".... the gunman as she cradled him in her arms. Before the first responders could stop him, the gunman had killed 23 and wounded 27."

    So is this first responders on the fire truck? Ambulance? Garbage truck? Red Cross? Nope.. it's the police he refers to.

    For me, it's not really about a title or a badge. It's just about being accurate and not lazy. It's about giving credit where it's rightfully due.

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    I hate being called a first responder oh its ok for general terms when lumping all togather I guess . I hate being called "rescue" whatever that is even more. But then I believe in and support tradition in the FD.

    Perhaps thats because my dept has so much of it,first engine purchesed in 1,818,first chief in 1,826, yes the horses are gone, but oats still fall from some cracks in ceilings...... thats as much change as I can take.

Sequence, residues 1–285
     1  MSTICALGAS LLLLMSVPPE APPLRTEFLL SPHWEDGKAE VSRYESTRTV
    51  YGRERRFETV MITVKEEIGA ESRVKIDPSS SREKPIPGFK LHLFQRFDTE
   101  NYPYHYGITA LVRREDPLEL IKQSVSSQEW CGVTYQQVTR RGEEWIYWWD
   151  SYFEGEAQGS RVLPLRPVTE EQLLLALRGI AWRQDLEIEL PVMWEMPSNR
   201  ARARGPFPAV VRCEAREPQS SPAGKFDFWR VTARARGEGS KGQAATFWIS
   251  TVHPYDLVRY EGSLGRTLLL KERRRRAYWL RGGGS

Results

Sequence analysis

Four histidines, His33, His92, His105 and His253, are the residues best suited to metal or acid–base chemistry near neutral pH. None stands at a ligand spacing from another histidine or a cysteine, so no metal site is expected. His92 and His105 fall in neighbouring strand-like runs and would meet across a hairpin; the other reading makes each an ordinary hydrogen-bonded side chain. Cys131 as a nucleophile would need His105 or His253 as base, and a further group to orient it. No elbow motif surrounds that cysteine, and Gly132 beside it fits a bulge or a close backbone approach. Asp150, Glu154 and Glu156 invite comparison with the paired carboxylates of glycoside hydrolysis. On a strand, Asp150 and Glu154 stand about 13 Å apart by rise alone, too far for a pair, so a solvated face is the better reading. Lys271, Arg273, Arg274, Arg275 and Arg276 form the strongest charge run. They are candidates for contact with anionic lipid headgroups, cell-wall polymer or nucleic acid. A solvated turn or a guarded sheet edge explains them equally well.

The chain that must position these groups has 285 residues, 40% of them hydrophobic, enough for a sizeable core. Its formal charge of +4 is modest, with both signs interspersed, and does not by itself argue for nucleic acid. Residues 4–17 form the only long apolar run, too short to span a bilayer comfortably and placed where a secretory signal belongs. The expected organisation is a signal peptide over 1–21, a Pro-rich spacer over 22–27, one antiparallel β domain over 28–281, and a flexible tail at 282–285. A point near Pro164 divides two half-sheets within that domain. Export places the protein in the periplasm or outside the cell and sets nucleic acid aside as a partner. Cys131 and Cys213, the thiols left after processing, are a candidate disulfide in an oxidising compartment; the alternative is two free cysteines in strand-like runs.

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    How bout 'fire buffs" some of them beat the FD in. Call them first responders ?
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    It all comes down to education. A call to your local media by your PIO (who hopefully isn't using the term either) might be useful. and you can't just talk to the reporters - you have to get to the folks who do the rewrites, management, etc. You need to get your police, fire, and EMS PIOs together on this, too.

    And if something happens locally, it won't matter what your local news sources do - the national people will take it any way they want.

    Keep in mind, too, that people these days think in 140 character "bites" anymore.
    Opinions my own. Standard disclaimers apply.

    Everyone goes home. Safety begins with you.